Language preservation works best when the language, culture and identity of minority-speaker communities are respected by national governments – rather than being banned, children are either fully taught in their mother tongue or given dedicated classes in it, in addition to learning the national or regional language. Evidence is mounting for the benefits of bi- or multi-lingualism, and for the social and psychological importance of mother-tongue conservation, which allows conversation across multiple generations and strengthens cultural continuity and community identity.
In some places, technology is proving an unlikely saviour. K. David Harrison, a linguist at Swarthmore College in Pennsylvania is creating 'talking dictionaries' of endangered languages that help users to preserve the tongues digitally though audio recordings of native speakers and pictures, and has a YouTube channel for endangered languages. The languages can then be used more easily for text messages over mobile phones, for example. "In some cases, people have created an orthography [script] for languages that have never been written down, so they can send SMS messages to each other," he says. So far, Harrison has created talking dictionaries in eight languages that have never previously been recorded including ones in Papua New Guinea, Siberia and Paraguay, and has six more dictionaries on the way.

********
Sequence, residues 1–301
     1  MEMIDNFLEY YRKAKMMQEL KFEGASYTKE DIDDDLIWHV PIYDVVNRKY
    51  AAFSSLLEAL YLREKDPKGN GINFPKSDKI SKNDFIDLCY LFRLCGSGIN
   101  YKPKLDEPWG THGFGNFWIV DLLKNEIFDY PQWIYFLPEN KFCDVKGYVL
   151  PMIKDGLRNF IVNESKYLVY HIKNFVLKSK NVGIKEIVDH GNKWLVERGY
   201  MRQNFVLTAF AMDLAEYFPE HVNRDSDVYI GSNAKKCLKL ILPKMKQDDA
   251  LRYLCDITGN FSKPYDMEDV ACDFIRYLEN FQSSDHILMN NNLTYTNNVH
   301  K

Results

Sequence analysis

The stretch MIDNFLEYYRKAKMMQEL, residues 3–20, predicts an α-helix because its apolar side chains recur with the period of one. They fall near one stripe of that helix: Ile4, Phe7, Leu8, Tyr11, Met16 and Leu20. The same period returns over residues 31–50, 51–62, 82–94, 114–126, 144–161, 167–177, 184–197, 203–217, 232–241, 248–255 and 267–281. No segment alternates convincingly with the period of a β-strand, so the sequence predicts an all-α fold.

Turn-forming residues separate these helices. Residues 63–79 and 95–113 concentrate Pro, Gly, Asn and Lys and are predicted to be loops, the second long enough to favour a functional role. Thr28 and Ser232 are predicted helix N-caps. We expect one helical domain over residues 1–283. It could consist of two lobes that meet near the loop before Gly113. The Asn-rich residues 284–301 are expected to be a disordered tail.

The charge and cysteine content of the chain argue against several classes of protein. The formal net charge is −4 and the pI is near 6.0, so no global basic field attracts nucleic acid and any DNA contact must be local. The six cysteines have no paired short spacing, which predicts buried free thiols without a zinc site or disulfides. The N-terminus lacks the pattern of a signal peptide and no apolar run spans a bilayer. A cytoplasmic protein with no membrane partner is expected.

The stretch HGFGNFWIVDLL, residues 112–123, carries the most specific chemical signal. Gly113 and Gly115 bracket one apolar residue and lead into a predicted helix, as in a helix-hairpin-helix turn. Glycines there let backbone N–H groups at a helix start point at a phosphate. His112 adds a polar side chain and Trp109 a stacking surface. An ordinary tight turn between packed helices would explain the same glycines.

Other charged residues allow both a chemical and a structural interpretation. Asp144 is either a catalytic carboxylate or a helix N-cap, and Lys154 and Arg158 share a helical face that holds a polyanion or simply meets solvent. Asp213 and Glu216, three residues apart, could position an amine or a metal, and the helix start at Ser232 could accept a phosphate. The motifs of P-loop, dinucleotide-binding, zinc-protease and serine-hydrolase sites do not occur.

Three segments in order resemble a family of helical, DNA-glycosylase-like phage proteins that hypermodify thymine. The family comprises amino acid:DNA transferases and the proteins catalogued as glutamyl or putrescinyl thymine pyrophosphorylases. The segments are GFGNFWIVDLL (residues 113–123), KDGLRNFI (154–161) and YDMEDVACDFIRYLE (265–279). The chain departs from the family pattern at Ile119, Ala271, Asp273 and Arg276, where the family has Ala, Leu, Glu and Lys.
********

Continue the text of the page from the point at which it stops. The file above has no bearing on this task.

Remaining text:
One of the benefits of the globalised internet, Harrison says, is that remote villagers with endangered languages can reach a global audience. For example, a hiphop duo from a village in Arunachal Pradesh in northeast India, has garnered more than 9,000 global viewers for their YouTube video in the Aka language – that's more than ten times the number of Aka speakers.
The Hadza have now also had their language preserved in a dictionary by Kirk Miller, an American linguist who spent eight months living with them. It might be just in time. When we return from the bush hunt, a couple of the Hadza men try to sell me a bow and arrow, while some of the women string beads to sell to tourists. New cash from these enterprises is funding an unhealthy supply of alcohol that is eroding their culture as surely as the Tanzanian government's previous 'civilising' attempts. As communities cease to function productively, and individuals migrate away, fewer and fewer speakers will bear testimony to a way of life that was once practiced by the ancestors of us all.